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In electric vehicles, as I said earlier, the drive units and batteries are situated underneath the car, which sounds a bit risky.  They are, however, sealed so protected and can easily cope with normal splashes and puddles.   In terms of deep water levels though, whilst it is possible to drive down a flooded road in an EV, only do so if absolutely necessary and only for as long as you have to.  Whilst EVs have the advantage over petrol or diesel vehicles in that they do not have air intakes or exhausts (so they do not lose propulsion), if you drive them through deep water, like all vehicles they are more in danger of being damaged the longer they are submerged.

The danger of driving an EV through floods is that the water can enter the cabin of the vehicle and damage the electronic controls.  As well as this, if the wheels are submerged the brakes might not function as well as they should.  So, if you do have to drive your EV through what looks like deep water, then do so slowly and steadily. 

Something to consider if you cannot avoid deep water and are contemplating the depth and whether it is safe to drive through is that usually, the bottom of a car door (any car) is a little higher than the pavement.  So, if the pavement is not submerged then it probably would be safe to drive through the flood. However, the best advice is to minimise your contact with deep water and flooding as much as possible.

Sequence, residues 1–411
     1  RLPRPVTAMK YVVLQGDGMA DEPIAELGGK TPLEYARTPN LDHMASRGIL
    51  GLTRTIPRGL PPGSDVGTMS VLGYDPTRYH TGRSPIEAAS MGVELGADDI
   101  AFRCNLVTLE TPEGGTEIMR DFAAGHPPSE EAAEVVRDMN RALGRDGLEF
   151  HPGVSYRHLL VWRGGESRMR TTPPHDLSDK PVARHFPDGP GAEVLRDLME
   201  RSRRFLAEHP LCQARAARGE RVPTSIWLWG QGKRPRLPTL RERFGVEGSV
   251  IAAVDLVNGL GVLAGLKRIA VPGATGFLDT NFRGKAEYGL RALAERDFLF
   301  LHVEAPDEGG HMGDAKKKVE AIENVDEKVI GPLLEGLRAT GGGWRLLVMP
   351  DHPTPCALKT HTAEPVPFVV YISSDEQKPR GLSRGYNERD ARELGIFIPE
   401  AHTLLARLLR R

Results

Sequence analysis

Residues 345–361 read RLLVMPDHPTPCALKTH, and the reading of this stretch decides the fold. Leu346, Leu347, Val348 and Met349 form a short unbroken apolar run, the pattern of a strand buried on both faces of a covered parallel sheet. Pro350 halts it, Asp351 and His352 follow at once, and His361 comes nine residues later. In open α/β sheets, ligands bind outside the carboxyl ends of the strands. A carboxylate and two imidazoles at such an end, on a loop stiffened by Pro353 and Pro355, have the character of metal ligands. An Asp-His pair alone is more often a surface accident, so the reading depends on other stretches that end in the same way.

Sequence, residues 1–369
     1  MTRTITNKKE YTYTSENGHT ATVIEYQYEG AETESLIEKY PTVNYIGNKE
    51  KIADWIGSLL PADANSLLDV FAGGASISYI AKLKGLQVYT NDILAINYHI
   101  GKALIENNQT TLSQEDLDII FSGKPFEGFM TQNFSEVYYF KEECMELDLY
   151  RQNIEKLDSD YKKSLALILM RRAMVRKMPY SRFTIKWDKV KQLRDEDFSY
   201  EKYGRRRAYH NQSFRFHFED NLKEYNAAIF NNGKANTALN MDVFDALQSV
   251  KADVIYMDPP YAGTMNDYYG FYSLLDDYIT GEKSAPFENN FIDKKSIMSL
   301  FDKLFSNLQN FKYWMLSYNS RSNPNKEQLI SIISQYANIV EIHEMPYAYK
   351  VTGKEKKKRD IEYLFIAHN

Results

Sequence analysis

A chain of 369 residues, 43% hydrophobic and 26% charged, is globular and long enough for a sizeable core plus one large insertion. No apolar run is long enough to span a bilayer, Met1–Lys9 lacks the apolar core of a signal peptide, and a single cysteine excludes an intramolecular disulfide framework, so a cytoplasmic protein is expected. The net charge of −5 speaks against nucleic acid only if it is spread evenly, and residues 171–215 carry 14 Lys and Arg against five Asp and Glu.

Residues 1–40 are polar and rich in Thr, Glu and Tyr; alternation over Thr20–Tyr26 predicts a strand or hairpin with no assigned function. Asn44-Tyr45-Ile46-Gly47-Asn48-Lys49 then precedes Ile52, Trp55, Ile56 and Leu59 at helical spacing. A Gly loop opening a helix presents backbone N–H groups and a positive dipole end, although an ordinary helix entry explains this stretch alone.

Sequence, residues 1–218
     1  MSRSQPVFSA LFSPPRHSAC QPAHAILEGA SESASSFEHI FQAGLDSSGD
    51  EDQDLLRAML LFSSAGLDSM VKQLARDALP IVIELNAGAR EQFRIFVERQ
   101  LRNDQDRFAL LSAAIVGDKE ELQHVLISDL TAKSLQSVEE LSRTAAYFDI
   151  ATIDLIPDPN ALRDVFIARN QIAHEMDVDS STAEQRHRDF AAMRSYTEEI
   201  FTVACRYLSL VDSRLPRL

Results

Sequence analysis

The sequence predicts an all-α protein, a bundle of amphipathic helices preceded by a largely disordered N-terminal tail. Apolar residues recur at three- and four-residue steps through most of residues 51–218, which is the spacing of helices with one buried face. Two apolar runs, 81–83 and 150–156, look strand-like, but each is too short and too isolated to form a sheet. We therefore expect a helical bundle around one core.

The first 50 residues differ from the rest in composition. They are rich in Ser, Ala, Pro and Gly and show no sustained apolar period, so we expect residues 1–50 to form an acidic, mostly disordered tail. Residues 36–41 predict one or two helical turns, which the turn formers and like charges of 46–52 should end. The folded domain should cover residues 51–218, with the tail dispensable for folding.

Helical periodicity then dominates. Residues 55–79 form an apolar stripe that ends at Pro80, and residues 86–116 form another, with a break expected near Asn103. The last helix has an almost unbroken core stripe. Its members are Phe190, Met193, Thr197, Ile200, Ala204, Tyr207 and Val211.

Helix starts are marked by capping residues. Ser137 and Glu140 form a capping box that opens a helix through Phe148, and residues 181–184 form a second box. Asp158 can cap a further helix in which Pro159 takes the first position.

In Summary

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Driving an EV in bad weather conditions is not that different to driving a petrol or diesel vehicle.  In icy conditions you do need to be mindful of the EVs pulling power on start-up.  If you accelerate too quickly it can cause wheelspin and skidding.  In the snow, an EV is good because the position and weight of the battery helps give the car better traction so it can almost push its way through.   You could drive an EV through deep water, but it is best to avoid doing so, if possible.  Prolonged submergence could damage the electronics and brakes.